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Senators Seek Miers' White House Files

Bipartisan requests to release the records warn that the nominee's confirmation is at stake.

October 24, 2005|Maura Reynolds | Times Staff Writer

WASHINGTON — Republican and Democratic senators called on President Bush on Sunday to release documents relating to Supreme Court nominee Harriet E. Miers' service as White House counsel, with some warning that she might not win confirmation otherwise.

In discussions on television talk shows, senators of both parties said the biggest obstacle to Miers' confirmation was a lack of information about her capabilities.

Sen. Sam Brownback (R-Kan.), ordinarily a Bush ally but also a social conservative who is expected to seek the GOP presidential nomination in 2008, warned that the Senate "is not a rubber stamp."

"If we're to give advice and consent, we've got to have a full picture," Brownback said in an interview on "Fox News Sunday."

Both Brownback, a member of the Judiciary Committee, and Sen. Patrick J. Leahy (D-Vt.), the committee's top Democrat, argued that since the president said he nominated Miers because of her White House experience, he should waive executive privilege and release files on at least some of her work.

"The president has based that decision on what he's seen her do in the White House," Leahy said on the same Fox News program. "We ought to at least know what it was she did in the White House."

Brownback added: "I do think we're going to have to see more information. Not attorney-client privilege-type information, but more information of the work product that she was involved in, in the White House, that's not of a legal nature, but that's of a policy nature."

Presidents have a right under a legal principle known as executive privilege to keep secret the inner workings of their staff, including most of the documents they produce.

In most circumstances, Bush has been firm in resisting calls to provide information about White House deliberations, and White House spokesman Scott McClellan has said he is not intending to change the policy at this time.

However, Miers' nomination has encountered resistance from Republicans and Democrats, who in recent days have increased pressure on the White House to provide more information on her.

Sen. Charles E. Schumer (D-N.Y.), a member of the Judiciary Committee, said that Miers' nomination could fail if senators didn't learn more about her in the coming weeks.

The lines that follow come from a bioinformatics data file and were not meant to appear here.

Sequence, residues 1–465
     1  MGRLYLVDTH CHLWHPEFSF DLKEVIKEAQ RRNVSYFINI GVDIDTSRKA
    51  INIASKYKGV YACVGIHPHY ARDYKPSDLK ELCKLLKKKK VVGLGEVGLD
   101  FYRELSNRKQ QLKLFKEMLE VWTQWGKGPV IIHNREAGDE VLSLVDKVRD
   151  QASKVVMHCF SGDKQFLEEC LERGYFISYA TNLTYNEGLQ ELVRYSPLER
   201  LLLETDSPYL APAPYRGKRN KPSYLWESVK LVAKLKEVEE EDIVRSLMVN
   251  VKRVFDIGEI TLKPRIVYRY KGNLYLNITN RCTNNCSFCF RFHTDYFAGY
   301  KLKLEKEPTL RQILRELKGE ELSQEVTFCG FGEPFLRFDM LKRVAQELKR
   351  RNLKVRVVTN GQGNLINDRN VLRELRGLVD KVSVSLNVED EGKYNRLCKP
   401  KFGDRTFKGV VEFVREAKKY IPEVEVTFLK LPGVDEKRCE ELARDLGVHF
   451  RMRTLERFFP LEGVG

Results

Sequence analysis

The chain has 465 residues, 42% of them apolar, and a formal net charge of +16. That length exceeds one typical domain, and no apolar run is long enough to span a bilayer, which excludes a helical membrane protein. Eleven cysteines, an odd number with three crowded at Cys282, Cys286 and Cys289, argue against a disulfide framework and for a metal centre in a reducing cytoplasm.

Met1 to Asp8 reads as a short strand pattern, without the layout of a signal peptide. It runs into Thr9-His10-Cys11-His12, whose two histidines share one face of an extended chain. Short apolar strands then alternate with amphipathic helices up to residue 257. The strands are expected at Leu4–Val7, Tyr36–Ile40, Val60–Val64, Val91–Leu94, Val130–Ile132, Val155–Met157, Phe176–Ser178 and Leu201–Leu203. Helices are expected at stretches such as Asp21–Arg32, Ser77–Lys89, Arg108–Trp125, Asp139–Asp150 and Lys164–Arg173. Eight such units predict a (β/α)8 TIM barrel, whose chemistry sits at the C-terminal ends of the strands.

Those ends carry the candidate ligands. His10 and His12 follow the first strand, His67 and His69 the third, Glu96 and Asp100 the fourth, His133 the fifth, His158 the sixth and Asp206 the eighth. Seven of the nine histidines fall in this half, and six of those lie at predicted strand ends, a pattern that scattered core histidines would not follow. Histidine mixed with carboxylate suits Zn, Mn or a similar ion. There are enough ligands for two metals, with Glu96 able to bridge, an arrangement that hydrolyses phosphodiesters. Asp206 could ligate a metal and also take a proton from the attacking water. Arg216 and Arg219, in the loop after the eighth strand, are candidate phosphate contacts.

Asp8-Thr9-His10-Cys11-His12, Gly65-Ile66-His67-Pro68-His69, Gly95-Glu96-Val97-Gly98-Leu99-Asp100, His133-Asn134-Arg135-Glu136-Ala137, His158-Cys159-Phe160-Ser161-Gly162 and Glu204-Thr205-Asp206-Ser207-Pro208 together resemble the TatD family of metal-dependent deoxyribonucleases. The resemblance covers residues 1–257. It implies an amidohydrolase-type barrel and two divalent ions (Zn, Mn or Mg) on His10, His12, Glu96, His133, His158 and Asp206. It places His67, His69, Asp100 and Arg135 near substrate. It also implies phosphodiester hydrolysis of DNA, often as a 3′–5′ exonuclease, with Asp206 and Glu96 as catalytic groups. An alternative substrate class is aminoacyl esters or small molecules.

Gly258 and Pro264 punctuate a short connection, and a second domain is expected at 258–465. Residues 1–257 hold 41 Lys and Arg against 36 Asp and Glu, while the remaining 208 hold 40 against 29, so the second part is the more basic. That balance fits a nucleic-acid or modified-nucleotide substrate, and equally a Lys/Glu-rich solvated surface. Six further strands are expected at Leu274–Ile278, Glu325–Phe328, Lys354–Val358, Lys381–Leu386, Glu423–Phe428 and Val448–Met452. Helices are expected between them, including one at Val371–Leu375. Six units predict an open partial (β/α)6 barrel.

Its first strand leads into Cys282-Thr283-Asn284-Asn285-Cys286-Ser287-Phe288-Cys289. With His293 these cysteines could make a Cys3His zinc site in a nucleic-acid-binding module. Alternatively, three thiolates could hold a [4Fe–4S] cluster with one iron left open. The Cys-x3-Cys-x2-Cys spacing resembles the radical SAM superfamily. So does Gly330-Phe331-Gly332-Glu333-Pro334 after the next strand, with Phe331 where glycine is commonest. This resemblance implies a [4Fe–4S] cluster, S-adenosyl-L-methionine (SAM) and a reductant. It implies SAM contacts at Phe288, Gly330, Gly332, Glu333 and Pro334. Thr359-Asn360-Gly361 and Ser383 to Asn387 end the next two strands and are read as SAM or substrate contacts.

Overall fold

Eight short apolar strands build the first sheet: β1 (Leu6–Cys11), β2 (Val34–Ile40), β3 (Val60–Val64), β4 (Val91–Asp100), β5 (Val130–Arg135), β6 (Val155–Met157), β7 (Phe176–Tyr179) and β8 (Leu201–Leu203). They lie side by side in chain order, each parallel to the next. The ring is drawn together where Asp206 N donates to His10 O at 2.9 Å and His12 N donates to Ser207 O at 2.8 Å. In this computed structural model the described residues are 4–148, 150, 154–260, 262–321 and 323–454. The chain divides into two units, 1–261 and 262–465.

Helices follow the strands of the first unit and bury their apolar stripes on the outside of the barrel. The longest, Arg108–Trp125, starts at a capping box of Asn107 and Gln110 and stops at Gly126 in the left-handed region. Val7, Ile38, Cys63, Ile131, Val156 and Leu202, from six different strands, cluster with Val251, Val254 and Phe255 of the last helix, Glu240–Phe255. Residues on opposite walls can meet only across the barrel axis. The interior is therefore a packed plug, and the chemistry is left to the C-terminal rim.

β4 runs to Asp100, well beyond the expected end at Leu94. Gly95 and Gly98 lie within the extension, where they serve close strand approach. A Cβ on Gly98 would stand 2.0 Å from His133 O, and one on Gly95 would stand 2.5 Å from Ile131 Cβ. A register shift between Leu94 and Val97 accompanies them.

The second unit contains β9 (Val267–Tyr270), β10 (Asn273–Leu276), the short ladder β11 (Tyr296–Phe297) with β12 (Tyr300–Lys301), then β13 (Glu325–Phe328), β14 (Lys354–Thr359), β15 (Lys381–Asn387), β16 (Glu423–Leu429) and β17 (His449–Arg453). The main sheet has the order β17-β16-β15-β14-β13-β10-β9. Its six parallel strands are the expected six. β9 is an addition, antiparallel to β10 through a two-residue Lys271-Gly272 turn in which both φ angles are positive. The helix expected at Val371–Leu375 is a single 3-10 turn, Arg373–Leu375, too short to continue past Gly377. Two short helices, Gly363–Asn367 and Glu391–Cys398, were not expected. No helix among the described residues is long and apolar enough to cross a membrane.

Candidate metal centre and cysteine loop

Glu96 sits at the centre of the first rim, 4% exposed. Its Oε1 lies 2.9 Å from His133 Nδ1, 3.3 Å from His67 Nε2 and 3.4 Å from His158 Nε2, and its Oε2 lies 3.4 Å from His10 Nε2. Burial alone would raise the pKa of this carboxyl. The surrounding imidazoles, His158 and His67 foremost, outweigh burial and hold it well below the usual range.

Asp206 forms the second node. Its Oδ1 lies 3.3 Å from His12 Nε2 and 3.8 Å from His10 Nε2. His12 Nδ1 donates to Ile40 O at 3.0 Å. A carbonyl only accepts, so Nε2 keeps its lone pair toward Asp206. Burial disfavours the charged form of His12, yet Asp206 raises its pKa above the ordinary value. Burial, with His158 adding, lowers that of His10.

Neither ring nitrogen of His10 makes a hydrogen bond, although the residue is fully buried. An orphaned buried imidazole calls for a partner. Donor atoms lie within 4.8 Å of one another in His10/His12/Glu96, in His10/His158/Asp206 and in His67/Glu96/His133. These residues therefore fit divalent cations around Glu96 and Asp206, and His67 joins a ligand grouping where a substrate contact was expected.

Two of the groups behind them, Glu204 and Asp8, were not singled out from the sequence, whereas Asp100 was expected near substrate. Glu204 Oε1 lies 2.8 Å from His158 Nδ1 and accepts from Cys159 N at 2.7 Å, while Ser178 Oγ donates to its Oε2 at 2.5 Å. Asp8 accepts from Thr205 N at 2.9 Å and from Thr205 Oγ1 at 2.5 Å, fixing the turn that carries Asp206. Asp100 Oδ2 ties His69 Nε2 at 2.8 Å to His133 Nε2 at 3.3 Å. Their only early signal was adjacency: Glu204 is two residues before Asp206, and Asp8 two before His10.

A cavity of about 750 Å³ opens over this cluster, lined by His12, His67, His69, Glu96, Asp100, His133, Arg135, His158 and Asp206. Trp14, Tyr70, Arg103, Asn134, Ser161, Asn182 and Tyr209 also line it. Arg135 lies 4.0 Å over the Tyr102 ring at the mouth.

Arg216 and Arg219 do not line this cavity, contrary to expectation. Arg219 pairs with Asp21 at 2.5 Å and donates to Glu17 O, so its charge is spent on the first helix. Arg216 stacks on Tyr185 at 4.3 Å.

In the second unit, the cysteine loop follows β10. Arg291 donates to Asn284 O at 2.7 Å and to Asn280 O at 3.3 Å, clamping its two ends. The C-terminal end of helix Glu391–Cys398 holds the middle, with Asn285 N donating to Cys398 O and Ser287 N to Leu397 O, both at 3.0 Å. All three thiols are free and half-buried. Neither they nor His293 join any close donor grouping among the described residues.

"I think if you were to hold the vote today, she would not get a majority, either in the Judiciary Committee or on the floor [of the Senate]," Schumer said on NBC's "Meet the Press." But, he added, that could change if she did well in committee hearings scheduled to begin Nov. 7.

"The hearings are going to be make or break for Harriet Miers in a way that they have not been for any other nominee," Schumer said. "She's going to have to do real well there. Right now, she has a rough road to hoe."

Judiciary Committee Chairman Arlen Specter (R-Pa.) said that at the moment, the vote on Miers could go either way.

"It's going to depend upon how well she does [in the hearings]," Specter said on CBS' "Face the Nation." "She's going to have 18 senators well-prepared, and it's sort of like a relay interrogation. But if she makes her case, she can be confirmed."

Democratic National Committee Chairman Howard Dean said, "My guess is that if we don't get these documents, she can't get confirmed.

"The American people should know what this woman really believes," Dean said on ABC's "This Week." "And the only way to find that out, given [the] paucity of her legislative record, is to have the president waive executive privilege and show us what she wrote for him while she was advising him."

During the confirmation process for Chief Justice John G. Roberts Jr., the White House refused to turn over materials from his service in the first Bush administration, but avoided a showdown with the Senate over executive privilege.

Instead of formally invoking executive privilege, administration officials claimed attorney-client and deliberative process privileges.

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